Wiki article on this topic: The cornerstone is the first stone set in the construction of a masonry foundation, important since all other stones will be set in reference to this stone, thus determining the position of the entire structure.
Over time a cornerstone became a ceremonial masonry stone, or replica, set in a prominent location on the outside of a building, with an inscription on the stone indicating the construction dates of the building and the names of architect, builder, and other significant individuals. The rite of laying a cornerstone is an important cultural component of eastern architecture and metaphorically in sacred architecture generally.
Some cornerstones include time capsules from, or engravings commemorating, the time a particular building was built.
Often, the ceremony involved the placing of offerings of grain, wine and oil on or under the stone. These were symbolic of the produce and the people of the land and the means of their subsistence. This in turn derived from the practice in still more ancient times of making an animal or human sacrifice that was laid in the foundations.
Frazer in The Golden Bough charts the various propitiary sacrifices and effigy substitution such as the shadow, states that:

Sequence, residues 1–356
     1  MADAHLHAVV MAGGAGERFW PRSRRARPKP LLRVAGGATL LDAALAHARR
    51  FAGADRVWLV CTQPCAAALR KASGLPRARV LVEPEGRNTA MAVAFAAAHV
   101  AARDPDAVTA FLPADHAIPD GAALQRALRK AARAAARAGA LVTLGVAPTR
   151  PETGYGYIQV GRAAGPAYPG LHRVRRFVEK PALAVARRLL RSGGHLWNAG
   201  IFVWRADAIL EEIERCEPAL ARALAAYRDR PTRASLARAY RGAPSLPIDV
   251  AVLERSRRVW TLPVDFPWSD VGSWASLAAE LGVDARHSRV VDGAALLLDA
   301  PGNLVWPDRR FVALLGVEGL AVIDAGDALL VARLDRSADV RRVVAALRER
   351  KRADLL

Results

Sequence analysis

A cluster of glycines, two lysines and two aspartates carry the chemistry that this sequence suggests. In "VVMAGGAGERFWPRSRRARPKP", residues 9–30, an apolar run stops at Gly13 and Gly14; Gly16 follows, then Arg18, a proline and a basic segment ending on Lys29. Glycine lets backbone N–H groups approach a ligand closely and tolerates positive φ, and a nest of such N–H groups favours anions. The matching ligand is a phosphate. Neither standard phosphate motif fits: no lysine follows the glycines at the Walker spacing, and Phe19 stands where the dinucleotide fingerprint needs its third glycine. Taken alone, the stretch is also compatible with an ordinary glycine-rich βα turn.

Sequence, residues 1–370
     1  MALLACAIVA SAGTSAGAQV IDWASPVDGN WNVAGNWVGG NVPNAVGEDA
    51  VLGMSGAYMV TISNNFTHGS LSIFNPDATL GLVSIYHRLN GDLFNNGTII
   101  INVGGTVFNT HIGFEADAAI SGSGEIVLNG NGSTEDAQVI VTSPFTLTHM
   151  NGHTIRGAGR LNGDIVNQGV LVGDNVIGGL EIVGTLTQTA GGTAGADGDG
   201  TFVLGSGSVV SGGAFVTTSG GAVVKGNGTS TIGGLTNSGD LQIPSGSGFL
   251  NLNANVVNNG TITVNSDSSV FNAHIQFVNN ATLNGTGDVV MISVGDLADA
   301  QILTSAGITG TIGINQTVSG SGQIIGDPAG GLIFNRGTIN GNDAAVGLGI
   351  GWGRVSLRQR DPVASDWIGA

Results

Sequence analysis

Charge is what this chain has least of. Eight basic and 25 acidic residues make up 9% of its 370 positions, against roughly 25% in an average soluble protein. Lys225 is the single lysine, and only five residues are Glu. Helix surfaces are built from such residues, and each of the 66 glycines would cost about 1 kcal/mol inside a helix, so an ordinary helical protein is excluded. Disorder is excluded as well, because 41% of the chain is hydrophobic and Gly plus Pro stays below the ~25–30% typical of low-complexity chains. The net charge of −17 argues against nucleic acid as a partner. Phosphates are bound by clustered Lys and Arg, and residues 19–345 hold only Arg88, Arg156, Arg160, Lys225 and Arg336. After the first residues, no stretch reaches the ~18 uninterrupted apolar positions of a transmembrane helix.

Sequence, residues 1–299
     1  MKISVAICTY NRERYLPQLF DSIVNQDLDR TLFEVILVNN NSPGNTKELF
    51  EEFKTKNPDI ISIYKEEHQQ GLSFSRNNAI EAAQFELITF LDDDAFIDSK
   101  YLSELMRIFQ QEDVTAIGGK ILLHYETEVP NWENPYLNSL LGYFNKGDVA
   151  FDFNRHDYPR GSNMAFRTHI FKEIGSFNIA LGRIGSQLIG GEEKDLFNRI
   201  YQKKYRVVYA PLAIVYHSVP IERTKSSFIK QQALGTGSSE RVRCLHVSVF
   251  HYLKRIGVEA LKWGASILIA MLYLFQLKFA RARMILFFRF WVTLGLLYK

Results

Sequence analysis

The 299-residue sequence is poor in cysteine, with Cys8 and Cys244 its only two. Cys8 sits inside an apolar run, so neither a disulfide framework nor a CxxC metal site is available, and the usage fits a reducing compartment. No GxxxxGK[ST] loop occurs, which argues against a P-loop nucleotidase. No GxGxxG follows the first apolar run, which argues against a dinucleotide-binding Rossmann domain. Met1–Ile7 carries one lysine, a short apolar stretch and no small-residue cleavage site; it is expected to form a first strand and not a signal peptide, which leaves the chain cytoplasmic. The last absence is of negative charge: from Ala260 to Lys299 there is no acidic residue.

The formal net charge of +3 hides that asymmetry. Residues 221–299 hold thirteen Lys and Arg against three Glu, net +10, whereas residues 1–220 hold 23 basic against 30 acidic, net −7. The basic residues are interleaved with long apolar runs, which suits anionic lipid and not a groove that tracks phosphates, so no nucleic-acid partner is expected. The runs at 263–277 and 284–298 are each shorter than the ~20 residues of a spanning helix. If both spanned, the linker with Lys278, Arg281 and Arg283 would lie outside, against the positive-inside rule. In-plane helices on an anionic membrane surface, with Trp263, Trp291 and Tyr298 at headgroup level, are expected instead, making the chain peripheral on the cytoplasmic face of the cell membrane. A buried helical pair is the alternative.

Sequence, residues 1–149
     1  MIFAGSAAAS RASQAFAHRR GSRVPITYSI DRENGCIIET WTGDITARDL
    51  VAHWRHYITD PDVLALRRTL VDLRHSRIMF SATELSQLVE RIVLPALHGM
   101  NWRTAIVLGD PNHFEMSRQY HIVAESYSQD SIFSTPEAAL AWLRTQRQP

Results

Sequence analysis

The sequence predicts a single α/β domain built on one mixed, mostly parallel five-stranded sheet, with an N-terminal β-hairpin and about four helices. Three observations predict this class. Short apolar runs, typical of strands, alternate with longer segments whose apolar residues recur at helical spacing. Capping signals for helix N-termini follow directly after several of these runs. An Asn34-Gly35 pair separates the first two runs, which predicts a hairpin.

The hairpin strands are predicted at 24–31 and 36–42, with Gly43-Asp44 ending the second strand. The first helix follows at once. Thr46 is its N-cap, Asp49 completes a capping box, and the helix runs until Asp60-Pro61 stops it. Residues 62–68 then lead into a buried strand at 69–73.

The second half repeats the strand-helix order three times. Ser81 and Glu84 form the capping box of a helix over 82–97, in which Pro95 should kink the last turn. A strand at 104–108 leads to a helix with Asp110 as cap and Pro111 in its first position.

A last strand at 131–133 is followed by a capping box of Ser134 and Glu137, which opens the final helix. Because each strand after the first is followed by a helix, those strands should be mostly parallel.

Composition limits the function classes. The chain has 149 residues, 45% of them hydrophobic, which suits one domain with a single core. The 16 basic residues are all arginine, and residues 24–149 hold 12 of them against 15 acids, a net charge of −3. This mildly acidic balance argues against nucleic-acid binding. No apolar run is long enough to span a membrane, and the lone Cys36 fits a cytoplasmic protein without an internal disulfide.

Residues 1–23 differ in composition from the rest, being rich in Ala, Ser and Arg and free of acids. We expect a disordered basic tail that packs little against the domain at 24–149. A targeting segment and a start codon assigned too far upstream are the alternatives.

Nowhere, perhaps, does the equivalence of the shadow to the life or soul come out more clearly than in some customs practised to this day in South-eastern Europe. In modern Greece, when the foundation of a new building is being laid, it is the custom to kill a cock, a ram, or a lamb, and to let its blood flow on the foundation-stone, under which the animal is afterwards buried. The object of the sacrifice is to give strength and stability to the building. But sometimes, instead of killing an animal, the builder entices a man to the foundation-stone, secretly measures his body, or a part of it, or his shadow, and buries the measure under the foundation-stone; or he lays the foundation-stone upon the man's shadow. It is believed that the man will die within the year. The Roumanians of Transylvania think that he whose shadow is thus immured will die within forty days; so persons passing by a building which is in course of erection may hear a warning cry, Beware lest they take thy shadow! Not long ago there were still shadow-traders whose business it was to provide architects with the shadows necessary for securing their walls. In these cases the measure of the shadow is looked on as equivalent to the shadow itself, and to bury it is to bury the life or soul of the man, who, deprived of it, must die. Thus the custom is a substitute for the old practice of immuring a living person in the walls, or crushing him under the foundation-stone of a new building, in order to give strength and durability to the structure, or more definitely in order that the angry ghost may haunt the place and guard it against the intrusion of enemies.